Reverse mortgages allow people 62 and older to borrow against their home equity. Like marriage, the experts say, these are arrangements not to be entered into unadvisedly or lightly.
That's because reverse mortgages are actual loans that must be repaid in full — when you move, when you sell your house or upon your death, rather than in monthly installments.
But, said David Certner, AARP's legislative-policy director, it's something to consider "if you want to remain in your current home and don't have other options."
"If the one asset you have is your home, a reverse mortgage will let you turn it into a payment stream," Certner said. "Maybe you simply need a home-equity loan, or to sell the home and move to something smaller. For a lot of people who want to stay in their own homes, the reverse mortgage is one way to help accomplish that."
Though home values have dropped steeply since the real estate bubble burst in 2006, many older Americans have owned their houses for decades and have vast amounts of equity to tap into.
Yet of the millions of home loans originated between 1990 and 2010, just 660,000 were reverse mortgages, AARP says.
Why? Because reverse mortgages can be complicated, sometimes pricey affairs compared with the financial alternatives.
There are three kinds of reverse mortgages, but the lion's share — 95 percent — are Home Equity Conversion Mortgages insured by the Federal Housing Administration.
HECMs cost more than traditional mortgages. They have no income or medical requirements, and the cash can be used for any purpose, such as paying medical bills.
Currently, the national loan limit for a HECM is $625,500. How much you can borrow depends, among other factors, on your age, the appraised value of your home, and current interest rates.
The older you are, and the more equity you have in your house, the more you can borrow. Though 62 is the minimum age, many experts advise against reverse mortgages then — you may have a greater need to tap into your home equity later in life.
To qualify for HECMs, borrowers must own their properties outright or have small mortgage balances; occupy the properties as principal residences; and not be delinquent on any federal debts, such as income taxes.
Borrowers must participate in "consumer information sessions" provided by counselors approved by the Department of Housing and Urban Development. (These typically cost $125, Certner said.)
During the course of the reverse mortgage, you must pay your homeowners' insurance and property taxes, plus keep the house in good repair. If you don't, the loan can become due.
Advantages to reverse mortgages include:
—How you get the money is your choice: in fixed monthly payments, a lump sum, a credit line or a combination of the three. You can change the option any time for $20.
—Even if you receive more in payments than your home is worth, you will never owe more than the home's value.
—Loan advances are not taxable and generally don't affect Social Security or Medicare benefits.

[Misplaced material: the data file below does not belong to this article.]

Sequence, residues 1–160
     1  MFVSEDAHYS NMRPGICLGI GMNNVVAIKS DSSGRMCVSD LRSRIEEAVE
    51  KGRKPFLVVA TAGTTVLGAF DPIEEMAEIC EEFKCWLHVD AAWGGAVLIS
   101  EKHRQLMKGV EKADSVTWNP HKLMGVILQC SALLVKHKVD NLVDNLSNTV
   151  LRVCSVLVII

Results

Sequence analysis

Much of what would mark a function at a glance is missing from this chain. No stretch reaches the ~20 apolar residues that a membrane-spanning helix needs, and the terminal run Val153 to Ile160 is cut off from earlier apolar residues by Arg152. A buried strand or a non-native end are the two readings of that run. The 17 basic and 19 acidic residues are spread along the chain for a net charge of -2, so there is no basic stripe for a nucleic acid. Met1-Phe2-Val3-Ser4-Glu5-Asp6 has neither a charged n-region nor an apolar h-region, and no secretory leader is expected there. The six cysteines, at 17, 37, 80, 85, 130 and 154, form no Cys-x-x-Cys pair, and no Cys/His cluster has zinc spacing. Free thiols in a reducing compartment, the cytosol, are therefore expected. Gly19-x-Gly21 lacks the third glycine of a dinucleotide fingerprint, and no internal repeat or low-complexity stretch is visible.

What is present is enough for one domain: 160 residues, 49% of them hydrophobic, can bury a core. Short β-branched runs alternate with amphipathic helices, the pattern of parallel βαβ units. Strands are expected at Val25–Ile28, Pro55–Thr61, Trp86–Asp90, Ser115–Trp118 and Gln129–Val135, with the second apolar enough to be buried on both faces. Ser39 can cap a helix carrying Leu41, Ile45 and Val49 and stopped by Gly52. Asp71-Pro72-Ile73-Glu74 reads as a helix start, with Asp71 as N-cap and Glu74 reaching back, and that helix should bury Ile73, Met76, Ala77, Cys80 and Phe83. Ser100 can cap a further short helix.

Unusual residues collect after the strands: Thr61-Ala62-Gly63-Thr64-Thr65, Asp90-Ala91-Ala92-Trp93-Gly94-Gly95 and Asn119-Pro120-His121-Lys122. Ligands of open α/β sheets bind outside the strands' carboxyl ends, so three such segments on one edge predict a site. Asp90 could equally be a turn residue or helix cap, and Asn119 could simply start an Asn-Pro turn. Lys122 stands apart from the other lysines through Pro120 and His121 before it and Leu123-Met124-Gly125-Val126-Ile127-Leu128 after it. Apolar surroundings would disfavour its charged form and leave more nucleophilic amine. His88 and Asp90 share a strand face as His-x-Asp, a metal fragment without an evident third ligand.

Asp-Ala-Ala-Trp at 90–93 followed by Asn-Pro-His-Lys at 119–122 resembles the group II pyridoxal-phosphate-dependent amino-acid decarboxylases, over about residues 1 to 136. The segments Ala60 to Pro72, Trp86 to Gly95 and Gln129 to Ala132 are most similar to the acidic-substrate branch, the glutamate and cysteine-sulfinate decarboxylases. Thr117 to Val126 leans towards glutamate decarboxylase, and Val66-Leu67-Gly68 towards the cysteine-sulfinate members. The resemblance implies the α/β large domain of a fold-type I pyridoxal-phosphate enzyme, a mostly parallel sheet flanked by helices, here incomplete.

—You retain title to your home.
The reverse mortgage must be repaid in full when the last surviving borrower dies or sells the home, or when it is no longer the primary residence. An HECM lets a borrower live in a nursing home or other medical facility for up to 12 months before the loan comes due.
After the home is sold and the reverse mortgage and fees are repaid, the remaining equity belongs to the borrower or heirs.
Among the disadvantages:
—Lenders, who must be FHA-approved, may charge servicing fees during the loan's term.
—Loans may carry variable interest rates tied to short-term indexes, although AARP says more than 70 percent now have fixed interest rates.
—If interest rates are fixed, you must borrow the maximum amount against your home's equity.
—Refinancing your existing mortgage or taking out a home-equity loan or line of credit may be a less expensive alternative to a reverse mortgage, which can have substantial upfront fees.
For example, the standard HECM loan charges a 2 percent mortgage-insurance premium up front on the home's value, not the amount borrowed. If you own a $400,000 house, the upfront premium would be $8,000, regardless of the loan amount.
You also will pay an origination fee to compensate the lender for processing the reverse mortgage. That fee can be up to $2,500 if your house is valued at less than $125,000. If your house is valued higher, lenders can charge 2 percent of the first $200,000, plus 1 percent of the amount over $200,000, with a cap of $6,000.
The HECM Saver Loan, which made its debut in October, charges only 0.01 percent of a home's value up front. But this loan usually carries a higher interest rate, and you can't borrow as much as you can with a standard HECM.
Closing costs for a reverse mortgage include an appraisal, a title search, and insurance, surveys, inspections, recording fees, taxes, and credit checks. You can pay for most such HECM costs through the proceeds of the loan. Though that means no out-of-pocket payments, it reduces the net loan amount available.
A lender may charge a monthly servicing fee of no more than $30 if the loan has an annually adjusting interest rate, $35 if the interest rate adjusts monthly.
Reverse-mortgage foreclosures have been rare — until recently.
"Because the borrower is responsible for paying taxes, insurance and upkeep," Certner said, tough economic times have "put a lot of people in trouble, especially in hard-hit markets like Florida."
Source: McClatchy-Tribune Information Services.